I'm not sure how many people have been following the Adam Greenberg story, but here's the jist of it: in 2005, 24-year old Chicago Cubs prospect Adam Greenberg made his major league debut, and was hit in the head by Florida Marlins reliever Valerio de los Santos on the first pitch of the game. Greenberg would suffer a concussion on the plunking, and would deal with post-concussion syndrome for years, never reaching the majors again. A campaign was started this summer to get Greenberg one more at bat in the majors, so it could hopefully end a lot better than his first plate appearance did. The Cubs declined the possibility of Greenberg making an appearance for them, but this *will* be happening, and it will be happening where his only plate appearance occured...in Miami, for the Marlins instead of the Cubs.
MLB commissioner Bud Selig granted a special exception for Greenberg, allowing him to get his at bat while not taking up a 40-man roster spot reserved for someone that the organization that has played all year. Now, when you hear about the Marlins in the news, it's usually for some sort of chaotic, disastrous PR event. But by granting Greenberg his final at bat, the Marlins are doing something right, even if it is probably just a PR stunt to give the organization some good facetime.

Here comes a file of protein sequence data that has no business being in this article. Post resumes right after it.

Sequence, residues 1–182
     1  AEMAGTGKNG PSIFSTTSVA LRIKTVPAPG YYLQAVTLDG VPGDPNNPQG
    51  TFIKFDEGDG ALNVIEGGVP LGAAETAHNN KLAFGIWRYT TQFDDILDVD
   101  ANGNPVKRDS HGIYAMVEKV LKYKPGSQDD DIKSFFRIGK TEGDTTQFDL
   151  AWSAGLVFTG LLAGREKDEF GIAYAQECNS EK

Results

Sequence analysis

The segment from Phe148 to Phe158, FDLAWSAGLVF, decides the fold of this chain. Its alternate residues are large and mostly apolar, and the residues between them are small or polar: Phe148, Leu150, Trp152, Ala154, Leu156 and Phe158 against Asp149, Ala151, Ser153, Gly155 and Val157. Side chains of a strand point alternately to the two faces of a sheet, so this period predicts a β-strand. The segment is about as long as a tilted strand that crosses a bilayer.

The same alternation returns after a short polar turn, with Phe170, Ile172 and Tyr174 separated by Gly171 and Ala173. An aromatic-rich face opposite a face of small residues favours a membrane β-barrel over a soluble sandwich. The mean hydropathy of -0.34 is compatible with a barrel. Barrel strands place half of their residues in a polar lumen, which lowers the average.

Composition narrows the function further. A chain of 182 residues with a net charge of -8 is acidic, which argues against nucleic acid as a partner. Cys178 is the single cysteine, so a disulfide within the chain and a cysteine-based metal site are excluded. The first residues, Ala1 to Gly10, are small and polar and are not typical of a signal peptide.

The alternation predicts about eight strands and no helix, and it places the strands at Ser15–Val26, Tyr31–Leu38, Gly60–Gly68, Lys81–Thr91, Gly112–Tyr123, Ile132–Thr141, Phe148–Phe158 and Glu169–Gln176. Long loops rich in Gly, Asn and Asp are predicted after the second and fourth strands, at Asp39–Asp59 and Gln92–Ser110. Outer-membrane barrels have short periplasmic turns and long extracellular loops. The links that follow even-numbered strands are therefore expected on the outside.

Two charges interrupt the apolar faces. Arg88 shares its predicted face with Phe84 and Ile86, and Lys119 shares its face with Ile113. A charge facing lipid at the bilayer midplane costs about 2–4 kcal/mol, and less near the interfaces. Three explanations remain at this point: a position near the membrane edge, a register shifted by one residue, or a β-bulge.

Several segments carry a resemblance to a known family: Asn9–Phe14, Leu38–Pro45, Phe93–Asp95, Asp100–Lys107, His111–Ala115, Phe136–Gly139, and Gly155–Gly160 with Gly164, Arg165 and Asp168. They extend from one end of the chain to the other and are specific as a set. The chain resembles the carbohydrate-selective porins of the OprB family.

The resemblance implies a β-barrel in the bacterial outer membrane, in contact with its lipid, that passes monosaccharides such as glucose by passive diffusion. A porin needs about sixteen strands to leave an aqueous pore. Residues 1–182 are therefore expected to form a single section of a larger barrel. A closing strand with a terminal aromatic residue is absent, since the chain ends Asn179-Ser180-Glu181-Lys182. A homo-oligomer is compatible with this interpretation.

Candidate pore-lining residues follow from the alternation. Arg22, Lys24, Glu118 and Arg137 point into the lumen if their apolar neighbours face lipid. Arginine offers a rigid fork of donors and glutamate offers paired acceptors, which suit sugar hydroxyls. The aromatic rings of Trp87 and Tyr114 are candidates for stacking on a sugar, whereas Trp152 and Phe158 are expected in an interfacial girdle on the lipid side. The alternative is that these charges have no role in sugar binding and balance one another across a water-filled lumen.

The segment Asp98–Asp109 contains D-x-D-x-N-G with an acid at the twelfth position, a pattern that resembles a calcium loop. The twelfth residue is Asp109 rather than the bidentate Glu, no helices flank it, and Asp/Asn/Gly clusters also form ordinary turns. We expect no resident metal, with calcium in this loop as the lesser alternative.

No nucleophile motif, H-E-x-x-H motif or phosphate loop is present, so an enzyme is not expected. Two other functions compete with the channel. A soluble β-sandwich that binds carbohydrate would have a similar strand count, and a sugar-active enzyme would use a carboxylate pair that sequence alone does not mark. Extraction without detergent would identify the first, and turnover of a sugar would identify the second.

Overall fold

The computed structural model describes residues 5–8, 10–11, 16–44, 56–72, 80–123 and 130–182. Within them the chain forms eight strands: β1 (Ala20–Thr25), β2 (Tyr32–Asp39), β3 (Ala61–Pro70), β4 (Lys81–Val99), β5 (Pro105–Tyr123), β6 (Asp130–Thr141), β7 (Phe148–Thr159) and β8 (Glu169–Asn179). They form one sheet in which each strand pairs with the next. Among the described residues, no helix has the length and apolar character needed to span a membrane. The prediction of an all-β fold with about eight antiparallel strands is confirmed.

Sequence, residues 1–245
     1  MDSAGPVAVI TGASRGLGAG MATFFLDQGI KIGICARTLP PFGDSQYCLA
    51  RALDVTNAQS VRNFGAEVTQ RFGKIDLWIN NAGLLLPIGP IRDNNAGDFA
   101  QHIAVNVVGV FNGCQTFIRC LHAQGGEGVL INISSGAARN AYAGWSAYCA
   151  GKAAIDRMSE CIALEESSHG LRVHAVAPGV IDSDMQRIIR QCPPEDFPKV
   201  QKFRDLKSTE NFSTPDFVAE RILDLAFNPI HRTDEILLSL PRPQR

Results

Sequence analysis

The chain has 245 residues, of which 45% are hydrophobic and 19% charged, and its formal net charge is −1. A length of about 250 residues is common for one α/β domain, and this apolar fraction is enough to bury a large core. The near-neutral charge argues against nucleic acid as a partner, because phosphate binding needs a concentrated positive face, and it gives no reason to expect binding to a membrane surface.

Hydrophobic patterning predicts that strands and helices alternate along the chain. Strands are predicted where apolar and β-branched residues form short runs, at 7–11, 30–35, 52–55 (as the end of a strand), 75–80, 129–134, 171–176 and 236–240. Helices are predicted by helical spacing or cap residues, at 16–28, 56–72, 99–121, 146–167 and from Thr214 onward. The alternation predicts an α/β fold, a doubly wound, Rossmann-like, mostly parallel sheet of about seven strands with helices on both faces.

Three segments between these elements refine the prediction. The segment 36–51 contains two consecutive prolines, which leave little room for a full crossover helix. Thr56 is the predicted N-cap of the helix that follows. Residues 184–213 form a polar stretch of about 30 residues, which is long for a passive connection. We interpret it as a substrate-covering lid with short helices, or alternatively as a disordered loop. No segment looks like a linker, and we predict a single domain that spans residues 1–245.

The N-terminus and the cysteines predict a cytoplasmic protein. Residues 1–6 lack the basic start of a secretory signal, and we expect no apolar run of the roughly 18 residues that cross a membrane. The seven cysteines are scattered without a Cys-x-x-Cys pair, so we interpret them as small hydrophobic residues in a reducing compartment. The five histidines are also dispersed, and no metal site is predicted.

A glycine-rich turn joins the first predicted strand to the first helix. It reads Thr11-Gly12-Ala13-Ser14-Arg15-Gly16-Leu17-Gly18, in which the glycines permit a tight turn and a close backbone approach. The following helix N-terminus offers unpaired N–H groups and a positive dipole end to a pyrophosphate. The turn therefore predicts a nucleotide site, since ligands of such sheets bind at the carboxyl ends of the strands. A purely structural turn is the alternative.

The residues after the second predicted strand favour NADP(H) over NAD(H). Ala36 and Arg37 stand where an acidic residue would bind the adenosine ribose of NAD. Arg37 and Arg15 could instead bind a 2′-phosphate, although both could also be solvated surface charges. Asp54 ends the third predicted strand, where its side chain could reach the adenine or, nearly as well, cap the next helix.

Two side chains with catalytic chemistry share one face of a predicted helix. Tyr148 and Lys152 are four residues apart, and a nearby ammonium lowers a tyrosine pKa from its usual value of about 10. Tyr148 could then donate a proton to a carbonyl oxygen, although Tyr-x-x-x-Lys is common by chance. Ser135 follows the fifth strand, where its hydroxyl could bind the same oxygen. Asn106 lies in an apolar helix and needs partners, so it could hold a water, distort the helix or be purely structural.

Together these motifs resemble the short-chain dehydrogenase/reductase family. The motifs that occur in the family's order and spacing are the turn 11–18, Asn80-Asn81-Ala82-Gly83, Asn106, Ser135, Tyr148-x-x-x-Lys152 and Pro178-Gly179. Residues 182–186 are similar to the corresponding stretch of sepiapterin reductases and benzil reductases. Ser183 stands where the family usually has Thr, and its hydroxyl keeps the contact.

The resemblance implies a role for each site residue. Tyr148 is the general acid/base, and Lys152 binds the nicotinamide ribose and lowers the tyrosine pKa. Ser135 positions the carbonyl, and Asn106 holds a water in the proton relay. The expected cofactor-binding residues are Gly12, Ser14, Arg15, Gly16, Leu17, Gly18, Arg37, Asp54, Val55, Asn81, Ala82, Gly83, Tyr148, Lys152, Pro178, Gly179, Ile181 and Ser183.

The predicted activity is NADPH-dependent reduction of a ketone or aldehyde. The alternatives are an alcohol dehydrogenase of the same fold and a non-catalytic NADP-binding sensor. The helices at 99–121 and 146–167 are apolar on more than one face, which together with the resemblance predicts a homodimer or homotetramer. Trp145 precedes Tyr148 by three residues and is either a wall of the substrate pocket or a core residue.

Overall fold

Good for the Marlins for doing something that can be looked at positively for once. Greenberg's at bat will come in Tuesday's Marlins game with the Mets, with RA Dickey scheduled to start for New York. I hope he's learned how to hit a knuckleball in his time away from the game.
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